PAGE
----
• [0009]
    There are other methods, such as nuclear stress test and heart catheterization angiography that are better capable of addressing these problems. But, even in these methods, the sensitivity to early myocardial ischemia is not very high. However, these methods are invasive, with radioactive dye injected into the blood stream and/or catheters inserted into the heart, much more costly, and, in case of angiography, considerably more dangerous for a patient.
  • [0010]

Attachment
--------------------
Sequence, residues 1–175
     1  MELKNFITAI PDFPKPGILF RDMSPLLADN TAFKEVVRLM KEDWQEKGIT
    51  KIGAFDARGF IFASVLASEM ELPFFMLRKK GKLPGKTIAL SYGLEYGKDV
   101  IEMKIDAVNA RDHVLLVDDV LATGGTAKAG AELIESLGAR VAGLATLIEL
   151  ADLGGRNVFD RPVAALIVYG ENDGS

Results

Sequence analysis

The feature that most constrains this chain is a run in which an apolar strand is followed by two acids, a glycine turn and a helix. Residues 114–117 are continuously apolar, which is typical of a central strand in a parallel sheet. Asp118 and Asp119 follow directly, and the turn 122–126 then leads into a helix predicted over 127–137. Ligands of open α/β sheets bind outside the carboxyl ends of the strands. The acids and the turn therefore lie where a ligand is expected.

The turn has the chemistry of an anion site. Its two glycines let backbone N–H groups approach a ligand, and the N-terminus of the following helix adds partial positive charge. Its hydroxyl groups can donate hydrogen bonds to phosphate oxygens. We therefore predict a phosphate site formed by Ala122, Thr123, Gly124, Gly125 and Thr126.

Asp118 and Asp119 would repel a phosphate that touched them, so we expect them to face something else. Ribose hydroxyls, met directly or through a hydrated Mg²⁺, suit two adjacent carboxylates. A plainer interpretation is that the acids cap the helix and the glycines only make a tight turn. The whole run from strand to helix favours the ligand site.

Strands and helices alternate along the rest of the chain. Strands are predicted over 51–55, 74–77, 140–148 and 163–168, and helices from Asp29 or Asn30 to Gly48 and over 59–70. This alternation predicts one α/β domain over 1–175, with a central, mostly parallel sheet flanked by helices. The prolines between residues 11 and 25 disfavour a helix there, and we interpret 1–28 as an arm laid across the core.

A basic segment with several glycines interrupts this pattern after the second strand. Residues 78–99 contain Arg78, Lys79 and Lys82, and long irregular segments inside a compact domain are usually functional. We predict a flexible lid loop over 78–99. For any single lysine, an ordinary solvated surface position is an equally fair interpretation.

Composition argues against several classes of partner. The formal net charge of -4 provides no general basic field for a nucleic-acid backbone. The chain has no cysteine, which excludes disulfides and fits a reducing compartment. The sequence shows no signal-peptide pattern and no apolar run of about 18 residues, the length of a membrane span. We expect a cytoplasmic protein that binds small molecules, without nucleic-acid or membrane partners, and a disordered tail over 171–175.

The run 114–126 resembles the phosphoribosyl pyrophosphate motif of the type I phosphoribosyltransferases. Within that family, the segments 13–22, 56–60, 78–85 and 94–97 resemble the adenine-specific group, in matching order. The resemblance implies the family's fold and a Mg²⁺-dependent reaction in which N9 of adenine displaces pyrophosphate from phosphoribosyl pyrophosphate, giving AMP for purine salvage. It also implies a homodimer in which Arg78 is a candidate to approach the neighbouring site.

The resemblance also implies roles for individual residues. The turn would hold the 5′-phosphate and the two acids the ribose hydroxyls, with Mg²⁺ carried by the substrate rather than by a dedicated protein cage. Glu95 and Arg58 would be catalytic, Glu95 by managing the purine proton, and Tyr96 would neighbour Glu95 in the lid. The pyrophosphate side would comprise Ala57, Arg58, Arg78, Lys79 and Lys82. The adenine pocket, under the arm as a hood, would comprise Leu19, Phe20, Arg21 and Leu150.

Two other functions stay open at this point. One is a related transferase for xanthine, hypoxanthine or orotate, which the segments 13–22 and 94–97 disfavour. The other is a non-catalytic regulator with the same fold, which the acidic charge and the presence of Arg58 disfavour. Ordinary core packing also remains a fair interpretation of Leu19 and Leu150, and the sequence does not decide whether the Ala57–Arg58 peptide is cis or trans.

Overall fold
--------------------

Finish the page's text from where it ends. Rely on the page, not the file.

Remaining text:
In the last three decades research in the field of magnetocardiography (MCG) has helped circumvent the above-mentioned shortcomings of ECG (See for example S. N. Erne and J. Lehmann, Magnetocardiography, an Introduction. In “SQUID Sensors: Fundamentals, Fabrication and Applications, H. Weinstock, Editor, Kluwer Acad. Publishing, NATO ASI Series E, vol. 329, pp. 395-412 (1999); G Stroink, W Moshage, and S Achenbach, “Cardiomagnetism”, in Magnetism in Medicine, W. Andrä and H. Nowak, Eds., Wiley-VCH, Berlin (1998), pp. 136-189, incorporated here as references). In MCG one measures magnetic field generated by the electrical currents repeatedly flowing in the heart during its continuous pumping activity. In other words, one detects essentially the same electrical activity of the heart as in ECG, but through contactless magnetic field measurement outside of the body. The magnetic field generated by heart's electrical activity is relatively undistorted by a non-magnetic media such as human body tissue; it penetrates through this intermediate issue practically as well as through free space (vacuum). Thus, a magnetic measurement looks “into the heart” largely without a dulling filter presented by the intermediate tissue in case of measuring electric surface potentials. In addition, by the nature of Physics laws, the magnetic measurement can detect magnetic field from the circular (vortex) current in the heart (indeed, a magnetic dipole is just such circular current), while electrical potential on the surface of the body from such a circular current must be identically zero. Thus, MCG contains additional information absent in ECG (see for example J. P. Wikswo, Jr., “Theoretical aspects of ECG-MCG relationship”, in Biomagnetism, An Interdisciplinary Approach, S. J. Williamson, G. L. Romani, L. Kaufman and I. Modena, Eds., New York: Plenum Press, pp.311-326, (1983), and also J. Wikswo and J. P. Barach, Possible sources of new information in the magnetocardiogram, J. Theor. Biol. 95, 721-729 (1982), all of which are incorporated here as references).